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Relationships and Connections

Article Abstracts
Mar 20, 2023

Relationships and Connections

Lessons from the Longest-Running Study on Happiness

Article Abstracts
Jun 18, 2024

What makes us happy in life—a high-powered career? Wealth? Fame? Beauty?

The Harvard Study of Adult Development is the longest-running study on happiness. It has followed 724 men from various economic and social backgrounds since they were teenagers in 1938. Researchers collect detailed health information, and every two years ask questions about their lives, mental and emotional wellness, and interview family members.

The researchers, led by project director Dr. Robert Waldinger, professor of psychiatry at Harvard Medical School, have found that specific traits and behaviors are linked with greater happiness and fulfillment across the entire group. So what makes us happiest? High-quality relationships and social connections.

More than money or fame, it has been found that forming close, positive relationships (spouses, family, friends, social circles) and staying connected with them are what keep people happy throughout their lives. Relationships can protect people from discontent, help delay mental and physical decline, and better predict longevity and happiness than social class, IQ, or even genetics. Those with warm relationships were happier and lived longer. “Loneliness kills. It’s as powerful as smoking or alcoholism,” according to Waldinger.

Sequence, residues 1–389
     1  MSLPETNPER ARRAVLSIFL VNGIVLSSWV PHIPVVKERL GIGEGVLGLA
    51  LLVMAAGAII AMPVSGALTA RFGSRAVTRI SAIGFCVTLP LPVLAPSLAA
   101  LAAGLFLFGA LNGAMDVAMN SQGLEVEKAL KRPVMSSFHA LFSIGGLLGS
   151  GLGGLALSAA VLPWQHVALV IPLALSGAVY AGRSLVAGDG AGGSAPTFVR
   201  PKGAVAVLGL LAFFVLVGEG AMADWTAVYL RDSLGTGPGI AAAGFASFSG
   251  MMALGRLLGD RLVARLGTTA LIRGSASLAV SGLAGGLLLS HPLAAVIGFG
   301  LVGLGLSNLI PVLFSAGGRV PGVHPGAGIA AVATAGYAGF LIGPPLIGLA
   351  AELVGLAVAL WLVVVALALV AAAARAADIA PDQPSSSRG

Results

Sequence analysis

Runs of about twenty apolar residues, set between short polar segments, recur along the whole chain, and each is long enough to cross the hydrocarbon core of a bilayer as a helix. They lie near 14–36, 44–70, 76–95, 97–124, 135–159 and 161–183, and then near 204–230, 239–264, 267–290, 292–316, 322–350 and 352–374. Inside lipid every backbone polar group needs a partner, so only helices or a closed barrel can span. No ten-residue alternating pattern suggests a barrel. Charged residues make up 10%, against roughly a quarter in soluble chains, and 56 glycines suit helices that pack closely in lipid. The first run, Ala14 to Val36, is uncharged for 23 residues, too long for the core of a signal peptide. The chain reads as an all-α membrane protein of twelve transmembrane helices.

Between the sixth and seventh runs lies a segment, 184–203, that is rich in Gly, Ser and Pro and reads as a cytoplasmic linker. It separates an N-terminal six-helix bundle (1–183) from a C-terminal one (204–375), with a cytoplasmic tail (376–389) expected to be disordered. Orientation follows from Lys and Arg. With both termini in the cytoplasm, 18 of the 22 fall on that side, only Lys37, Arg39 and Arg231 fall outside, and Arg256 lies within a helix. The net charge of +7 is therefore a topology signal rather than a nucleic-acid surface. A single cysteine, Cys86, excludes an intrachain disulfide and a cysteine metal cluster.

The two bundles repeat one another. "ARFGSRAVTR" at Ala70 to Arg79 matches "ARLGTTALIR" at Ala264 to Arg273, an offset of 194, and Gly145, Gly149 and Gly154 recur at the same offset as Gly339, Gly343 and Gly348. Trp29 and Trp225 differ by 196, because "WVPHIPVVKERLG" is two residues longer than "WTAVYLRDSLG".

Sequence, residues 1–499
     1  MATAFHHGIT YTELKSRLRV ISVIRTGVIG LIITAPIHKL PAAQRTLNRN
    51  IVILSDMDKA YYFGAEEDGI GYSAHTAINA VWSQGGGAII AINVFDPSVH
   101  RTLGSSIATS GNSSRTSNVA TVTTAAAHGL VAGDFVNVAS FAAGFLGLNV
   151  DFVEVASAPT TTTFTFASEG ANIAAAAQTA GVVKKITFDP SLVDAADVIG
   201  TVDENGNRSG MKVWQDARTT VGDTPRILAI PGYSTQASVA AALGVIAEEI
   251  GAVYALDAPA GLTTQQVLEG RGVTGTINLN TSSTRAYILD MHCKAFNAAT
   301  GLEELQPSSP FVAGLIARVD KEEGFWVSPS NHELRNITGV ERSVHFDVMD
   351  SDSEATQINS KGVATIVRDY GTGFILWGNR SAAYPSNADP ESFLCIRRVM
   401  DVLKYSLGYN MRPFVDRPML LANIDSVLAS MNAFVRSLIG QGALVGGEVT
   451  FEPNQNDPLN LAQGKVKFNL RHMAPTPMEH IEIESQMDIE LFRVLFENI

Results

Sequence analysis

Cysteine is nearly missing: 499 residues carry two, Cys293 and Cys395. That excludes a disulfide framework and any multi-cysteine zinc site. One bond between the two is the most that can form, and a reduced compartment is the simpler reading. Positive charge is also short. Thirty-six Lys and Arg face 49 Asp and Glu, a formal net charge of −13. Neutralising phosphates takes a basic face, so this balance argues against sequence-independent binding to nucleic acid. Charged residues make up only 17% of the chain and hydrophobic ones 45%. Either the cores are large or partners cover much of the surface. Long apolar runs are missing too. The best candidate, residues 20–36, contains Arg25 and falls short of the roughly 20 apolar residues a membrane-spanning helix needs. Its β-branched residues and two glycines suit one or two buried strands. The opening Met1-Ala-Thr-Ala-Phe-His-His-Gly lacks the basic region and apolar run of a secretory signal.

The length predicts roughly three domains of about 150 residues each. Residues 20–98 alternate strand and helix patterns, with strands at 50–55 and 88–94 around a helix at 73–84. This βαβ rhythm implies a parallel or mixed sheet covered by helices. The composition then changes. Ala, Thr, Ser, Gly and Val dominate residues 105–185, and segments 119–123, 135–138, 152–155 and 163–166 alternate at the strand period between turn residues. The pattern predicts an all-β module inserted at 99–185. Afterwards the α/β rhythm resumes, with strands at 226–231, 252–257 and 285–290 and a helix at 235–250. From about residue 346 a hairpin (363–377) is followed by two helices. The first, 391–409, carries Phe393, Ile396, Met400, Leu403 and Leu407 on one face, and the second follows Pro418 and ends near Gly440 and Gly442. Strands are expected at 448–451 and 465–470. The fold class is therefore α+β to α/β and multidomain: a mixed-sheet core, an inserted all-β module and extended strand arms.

Relationship satisfaction at age 50 is a better predictor of physical health than cholesterol levels. “The people who were the most satisfied in their relationships at age 50 were the healthiest at age 80,” says Waldinger. Marital satisfaction also has a protective effect on mental health, and those in unhappy marriages feel more physical and emotional pain than those in happy marriages.

It is clear that we must invest in our relationships and sense of community for health, happiness, and longevity. “The surprising finding is that our relationships and how happy we are in our relationships has a powerful influence on our health,” says Waldinger. “Taking care of your body is important, but tending to your relationships is a form of self-care too. That, I think, is the revelation.”

REFERENCES

Mineo, L. (2017, April 11). Good genes are nice, but joy is better. The Harvard Gazette. https://news.harvard.edu/gazette/story/2017/04/over-nearly-80-years-harvard-study-has-been-showing-how-to-live-a-healthy-and-happy-life/

Solan, M. (2017, October 5). The secret to happiness? Here’s some advice from the longest-running study on happiness. https://www.health.harvard.edu/blog/the-secret-to-happiness-heres-some-advice-from-the-longest-running-study-on-happiness-2017100512543

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